How to Foster A Remote Working Environment

Remote work has become a necessity, rather than a novelty, due to the fast spread of COVID-19. Luckily, remote work has its benefits. A two-year study by Stanford University found that remote employees are more productive, have lower attrition rates, and save money for the company by working at home. Over 80% of remote workers feel less stressed than those who work in an office. 

For recruiters used to meeting and interviewing people face-to-face, remote work can be a bit of an adjustment. Some remote workers report feeling lonely or isolated. Companies that were unprepared for the quick switch to telecommuting may be missing the right tools and procedures for easy communication. Here’s how your company can adjust to the new state of work and foster a productive remote work environment. 

Get the right tools in place

Working from home can be a challenging transition, but the right tools can make it less frustrating. Empower great communication with videoconferencing, instant messaging, and project management platforms. Some of the more popular, low-cost or free options are: 

  • Slack or Microsoft Teams for chat 
  • Google Hangouts, Zoom, or FaceTime for video calls 
  • Trello, Asana, or Basecamp for project management
  • Dropbox, Google Drive, or WeTransfer for file sharing
  • Toggl, Todoist, or Woven for time management and hourly tracking

Key to implementing these tools is having policies to go along with each one. “Leaders need to clearly define regular communication protocols and set expectations for when a remote worker must be accessible, and on which medium (Slack, text, phone, etc). For as great as technology is, it won’t help unless people use it reliably,” writes one expert in Inc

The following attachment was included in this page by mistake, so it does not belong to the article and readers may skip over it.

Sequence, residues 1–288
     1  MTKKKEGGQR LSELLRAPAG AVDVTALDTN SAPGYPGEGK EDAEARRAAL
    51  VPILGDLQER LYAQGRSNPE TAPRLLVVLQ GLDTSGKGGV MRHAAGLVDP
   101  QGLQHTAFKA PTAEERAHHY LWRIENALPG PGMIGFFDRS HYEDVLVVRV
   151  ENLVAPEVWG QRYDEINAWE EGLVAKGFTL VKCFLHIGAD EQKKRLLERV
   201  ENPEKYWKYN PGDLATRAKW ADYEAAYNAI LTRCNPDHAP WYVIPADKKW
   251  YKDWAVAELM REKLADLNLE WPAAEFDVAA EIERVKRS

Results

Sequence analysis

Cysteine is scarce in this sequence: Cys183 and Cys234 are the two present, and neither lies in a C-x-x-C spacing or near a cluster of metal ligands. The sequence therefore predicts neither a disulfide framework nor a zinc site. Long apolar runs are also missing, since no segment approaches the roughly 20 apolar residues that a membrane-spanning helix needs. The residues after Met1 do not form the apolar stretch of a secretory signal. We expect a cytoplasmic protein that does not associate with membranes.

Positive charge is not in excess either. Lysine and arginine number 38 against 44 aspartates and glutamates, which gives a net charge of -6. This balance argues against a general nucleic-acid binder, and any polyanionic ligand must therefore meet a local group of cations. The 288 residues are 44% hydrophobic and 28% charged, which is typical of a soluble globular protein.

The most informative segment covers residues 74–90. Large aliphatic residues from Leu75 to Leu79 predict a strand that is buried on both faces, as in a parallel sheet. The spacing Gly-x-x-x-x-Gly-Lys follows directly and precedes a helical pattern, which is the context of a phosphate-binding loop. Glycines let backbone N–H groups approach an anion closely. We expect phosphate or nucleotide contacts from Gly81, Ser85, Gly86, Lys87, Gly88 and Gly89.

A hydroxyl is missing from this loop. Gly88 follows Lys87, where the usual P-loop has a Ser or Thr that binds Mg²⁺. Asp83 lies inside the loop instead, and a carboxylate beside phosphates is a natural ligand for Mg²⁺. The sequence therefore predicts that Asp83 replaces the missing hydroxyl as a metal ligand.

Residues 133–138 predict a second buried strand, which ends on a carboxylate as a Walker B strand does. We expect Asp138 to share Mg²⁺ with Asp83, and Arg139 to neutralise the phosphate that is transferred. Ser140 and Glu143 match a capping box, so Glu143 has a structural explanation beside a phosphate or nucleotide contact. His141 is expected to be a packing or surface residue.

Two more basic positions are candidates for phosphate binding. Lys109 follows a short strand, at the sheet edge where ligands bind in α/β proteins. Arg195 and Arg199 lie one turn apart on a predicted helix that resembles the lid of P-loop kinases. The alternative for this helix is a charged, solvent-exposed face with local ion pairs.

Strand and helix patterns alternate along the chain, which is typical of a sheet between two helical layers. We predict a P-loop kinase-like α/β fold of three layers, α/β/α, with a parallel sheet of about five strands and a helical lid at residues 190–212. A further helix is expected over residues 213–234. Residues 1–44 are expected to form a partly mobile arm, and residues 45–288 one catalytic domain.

Support an at-home dedicated workspace

Employees who are new to working from home may have some trouble focusing – especially if there are other family members or pets occupying the same space. Some companies are even providing stipends for employees to get set up right: Shopify is providing a $1,000 budget per employee to be spent on office supplies, including lighting, desks, chairs or other supplies.

Encourage your team to find space in their home that can be used as a dedicated office space. It can be as simple as a specific seat at the kitchen counter or turning the guest room into a no-kids zone where you can make a call without interruption. “Even if this office is a temporary makeshift space — such as a guest room, basement, attic or walk-in closet — this can help you mentally separate work from home,” write the experts at the US Chamber of Commerce blog. 

Check-in regularly

Remote work can be lonely, especially in a pandemic where social interactions are completely virtual. Establish daily check-ins with your team that go beyond reviewing work deliverables. Managers should offer virtual office hours during which they are available on messaging apps or videoconference to help employees with any personal and professional issues that may come up. Support your team’s mental health by encouraging your team to take time out of the day to get away from the computer screen, take a walk (if possible to do so safely), and practice self-care. It’s easier than ever for employees to get burned out; when you work from home, the lines blur quickly, making it hard for some people to turn off work at the end of the day and recharge their batteries. Try to stick to normal working hours and resist emailing your team in the evening or early morning. 

Ask for constant feedback 

Remote work is new for everyone, and there are bound to be some growing pains. Transparent leadership can make the adjustment period easier for everyone: remind your team that you’re learning as the situation develops. Transparency helps foster a great company culture and can keep your team more engaged as the situation develops. 

Nina Krol, outreach manager at Zety, suggests setting up an employee engagement survey to gauge how your team is adjusting. This survey can be used to track the general mood within your workforce without having to put someone on the spot. A survey can tell you if you’re micromanaging, communicating clearly, or not communicating nearly enough. It can also alert you to when morale is low and help you course-correct as needed. 

Keep your culture alive

In a crisis, there’s no such thing as business-as-usual. But that doesn’t mean you should throw everything that’s been working out the window. Remote teams need some consistency – which is why it’s important to keep your company culture intact. Find some creative ways to keep your company culture alive. Some businesses are hosting virtual team-building events, like online office games, online storytelling workshops or remote lunch and learn sessions. Others are mobilizing their workforce to find creative ways to give back to the community. Draw from the core tenents of your culture – whether its volunteering or professional development – and find ways to translate those values virtually.